• Open Access English
    Authors: 
    Caubel, Julien J;
    Publisher: eScholarship, University of California
    Country: United States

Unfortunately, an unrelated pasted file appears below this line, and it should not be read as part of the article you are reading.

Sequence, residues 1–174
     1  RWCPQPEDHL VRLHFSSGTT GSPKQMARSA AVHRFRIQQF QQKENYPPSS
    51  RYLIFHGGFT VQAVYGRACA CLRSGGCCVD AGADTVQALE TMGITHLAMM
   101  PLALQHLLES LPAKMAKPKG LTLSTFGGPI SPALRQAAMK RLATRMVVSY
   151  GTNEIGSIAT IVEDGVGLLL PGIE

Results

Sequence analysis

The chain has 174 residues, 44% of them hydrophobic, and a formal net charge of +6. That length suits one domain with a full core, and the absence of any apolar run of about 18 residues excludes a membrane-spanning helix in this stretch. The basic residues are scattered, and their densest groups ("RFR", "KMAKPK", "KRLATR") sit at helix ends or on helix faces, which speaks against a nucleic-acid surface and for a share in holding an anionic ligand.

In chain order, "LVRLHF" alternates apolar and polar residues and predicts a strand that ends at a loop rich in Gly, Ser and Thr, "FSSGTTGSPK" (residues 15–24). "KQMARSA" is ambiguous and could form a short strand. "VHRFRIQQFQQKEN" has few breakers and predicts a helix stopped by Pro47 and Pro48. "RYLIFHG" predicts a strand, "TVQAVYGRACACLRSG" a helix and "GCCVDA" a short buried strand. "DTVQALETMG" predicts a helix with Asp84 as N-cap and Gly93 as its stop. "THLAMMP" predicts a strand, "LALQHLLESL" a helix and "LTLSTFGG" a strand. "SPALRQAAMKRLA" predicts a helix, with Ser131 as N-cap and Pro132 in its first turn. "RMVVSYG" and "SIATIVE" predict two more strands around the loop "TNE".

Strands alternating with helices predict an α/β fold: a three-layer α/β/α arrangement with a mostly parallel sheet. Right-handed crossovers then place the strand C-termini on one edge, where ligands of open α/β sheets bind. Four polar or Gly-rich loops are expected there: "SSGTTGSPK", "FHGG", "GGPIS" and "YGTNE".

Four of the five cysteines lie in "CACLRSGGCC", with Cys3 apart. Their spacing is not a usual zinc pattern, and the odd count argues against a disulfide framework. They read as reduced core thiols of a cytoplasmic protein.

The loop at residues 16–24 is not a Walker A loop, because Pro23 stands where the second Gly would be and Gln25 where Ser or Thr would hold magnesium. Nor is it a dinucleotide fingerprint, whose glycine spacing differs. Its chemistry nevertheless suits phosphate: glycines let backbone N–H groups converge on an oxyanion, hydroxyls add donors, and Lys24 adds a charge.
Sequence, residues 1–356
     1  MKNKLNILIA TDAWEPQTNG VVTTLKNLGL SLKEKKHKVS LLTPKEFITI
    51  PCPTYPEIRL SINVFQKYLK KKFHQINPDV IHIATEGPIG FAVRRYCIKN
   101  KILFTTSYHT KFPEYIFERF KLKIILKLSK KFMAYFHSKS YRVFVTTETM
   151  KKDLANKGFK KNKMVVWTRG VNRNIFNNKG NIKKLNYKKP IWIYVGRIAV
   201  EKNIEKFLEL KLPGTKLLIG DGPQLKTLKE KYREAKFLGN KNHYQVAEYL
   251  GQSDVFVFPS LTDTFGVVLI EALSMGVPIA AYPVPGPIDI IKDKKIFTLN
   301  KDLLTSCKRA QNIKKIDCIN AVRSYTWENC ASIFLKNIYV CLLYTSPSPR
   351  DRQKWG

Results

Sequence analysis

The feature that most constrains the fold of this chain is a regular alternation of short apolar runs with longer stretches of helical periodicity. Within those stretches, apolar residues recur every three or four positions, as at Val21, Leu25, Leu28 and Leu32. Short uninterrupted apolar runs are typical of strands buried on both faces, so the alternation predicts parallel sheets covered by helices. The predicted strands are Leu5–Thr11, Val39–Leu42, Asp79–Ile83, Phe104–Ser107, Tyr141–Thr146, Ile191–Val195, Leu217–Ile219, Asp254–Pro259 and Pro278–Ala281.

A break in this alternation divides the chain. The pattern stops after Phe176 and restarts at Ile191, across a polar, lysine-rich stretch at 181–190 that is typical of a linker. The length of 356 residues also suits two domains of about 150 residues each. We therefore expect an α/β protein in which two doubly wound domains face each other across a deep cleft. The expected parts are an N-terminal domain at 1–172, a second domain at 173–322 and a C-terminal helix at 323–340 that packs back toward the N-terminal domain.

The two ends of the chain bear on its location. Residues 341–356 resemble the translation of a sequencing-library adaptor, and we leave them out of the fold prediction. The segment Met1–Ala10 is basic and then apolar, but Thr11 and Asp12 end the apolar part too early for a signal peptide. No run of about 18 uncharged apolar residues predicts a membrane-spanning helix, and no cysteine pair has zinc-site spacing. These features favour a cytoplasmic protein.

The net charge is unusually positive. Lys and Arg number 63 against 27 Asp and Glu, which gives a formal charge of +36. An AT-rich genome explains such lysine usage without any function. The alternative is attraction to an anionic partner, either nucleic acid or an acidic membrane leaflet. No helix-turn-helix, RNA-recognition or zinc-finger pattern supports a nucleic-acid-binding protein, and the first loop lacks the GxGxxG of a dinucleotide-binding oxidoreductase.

Air pollution is one of the world’s greatest environmental health risks, responsible for over 7 million premature deaths annually. Around half of these premature mortalities are linked to biomass cooking fires that release harmful air pollutants into people’s homes, such as particulate matter (PM). Although nearly 3 billion people worldwide depend on biomass cooking fuels, relatively little scientific research exists on mitigating the smoke they generate. One promising approach for reducing emissions is the injection of secondary air into the biomass cookstove’s combustion chamber. However, cold secondary air can also quench the combustion process when improperly injected, and so many secondary air injection cookstove designs do not actually reduce harmful smoke emissions relative to a traditional three stone fire (TSF). Since wood is a common cooking fuel throughout the world, this dissertation presents an experimental wood-burning cookstove platform, dubbed the ‘Modular (MOD) stove’, to identify and optimize secondary air injection parameters that reduce the emission of harmful pollutants. The MOD stove enables systematic, repeatable experiments in which various secondary air injection design features, such as flow rate and location, can be quickly and easily adjusted. Over 130 experimental trials were conducted, demonstrating that wood combustion is highly sensitive to small changes in the secondary air injection parameters. Using a systematic experimental approach, an optimal design configuration was identified that reduces mass emissions of PM2.5, carbon monoxide (CO), and black carbon (BC) by ~90% relative to a traditional TSF, while also improving thermal efficiency. Using an updated version of the MOD stove, an additional 111 performance tests were conducted to quantify the practical design requirements (e.g., secondary air pressure and temperature) to achieve ≥ 90% mass emission reductions relative to a TSF. Using this experimental data, I demonstrate that low-cost (<$10) fans and blowers are currently available to drive the secondary flow, and this hardware can be independently powered using an inexpensive thermoelectric generator mounted nearby. Furthermore, size-resolved PM measurements demonstrate that secondary air injection effectively inhibits particle growth, but the total number of particles generated remains relatively unaffected. I investigate the potential impacts for human health and explore methods to mitigate the PM formation mechanisms that persist. As a whole, the MOD stove platform demonstrates that secondary air injection is a practical, effective, and potentially economical method for meaningfully reducing smoke emissions from biomass cookstoves. However, designs should be experimentally validated and optimized, and further research is needed to eliminate the persistent formation of ultrafine particles that are particularly harmful to human health. Ambient air pollution is also widespread, and linked to significant adverse health outcomes. Over 90% of the world’s population lives in areas where ambient air pollution concentrations exceed World Health Organization recommendations, resulting in ~4 million premature deaths annually. The health impacts of ambient air pollution are particularly acute in urban settings. In 2010, premature deaths due to ambient air pollution were about 50% more common in urban than in rural environments, and this could increase to nearly 90% by 2050. Although ground-based air quality measurements are needed to address this growing health crisis, traditional regulatory monitoring networks do not provide sufficient spatial coverage and resolution to adequately assess air pollution exposures in urban environments. Distributed networks of low-cost air quality sensors are emerging to fill this gap. Black carbon (BC) is an important component of PM pollution, strongly linked to adverse human health outcomes and climate change, but low-cost sensors for monitoring this critical pollutant are lacking. This dissertation presents the Aerosol Black Carbon Detector (ABCD), specifically designed for distributed air quality monitoring networks. As such, the ABCD integrates a compact weatherproof enclosure, solar-powered rechargeable battery, and cellular communication to enable long-term, outdoor deployments. Most importantly, the ABCD incorporates a number of novel design features to provide uniquely accurate BC concentration measurements in tough operating environments that debilitate existing commercial instruments. Over 100 ABCDs were operated outdoors, and their measurement performance was comparable to that of a commercial BC instrument collocated inside a regulatory monitoring station. The validated fleet of ABCDs was deployed to 100 sampling sites in West Oakland, California – a neighborhood disproportionately affected by air pollution associated with the nearby Port of Oakland and surrounding highways. Over 100 days, the wireless sensor network successfully collected 84.0% of the 240,000 hourly BC concentration measurements desired (100 sampling sites × 2,400 hours). The widespread failure of miniature vacuum pumps was responsible for most missing measurements. The resulting BC concentration maps demonstrate that concentrations vary sharply over short distances (~100 m) and timespans (~1 hour), and generally depend on surrounding land use, traffic patterns, and location relative to prevailing winds. BC concentrations at each sampling site are highly repeatable over the diurnal and weekly cycles, and periodic trends are analyzed throughout the community. Using these trends as a reference, unusually polluted locations are detected, and likely emissions sources nearby are identified. In this way, the 100x100 Network demonstrates the value of low-cost sensor networks to accurately characterize urban air pollution distributions, and provide regulatory agencies, governments, and community stakeholders with actionable insights to mitigate the sources. Air pollution is a pervasive and persistent health threat that can only be tackled if we work to both mitigate and monitor emission sources. As such, the MOD stove studies presented here are targeted towards abating the world’s deadliest polluters. However, even the best of emissions reduction efforts are left blind without accurate measurements of the resulting air quality. The ABCD meets this need, providing accurate BC monitoring capabilities in a uniquely practical and economical package. Together, these complementary technologies will help underpin more comprehensive, data-driven efforts to quantifiably reduce harmful air pollution exposure throughout the world, and ultimately prevent millions of premature deaths.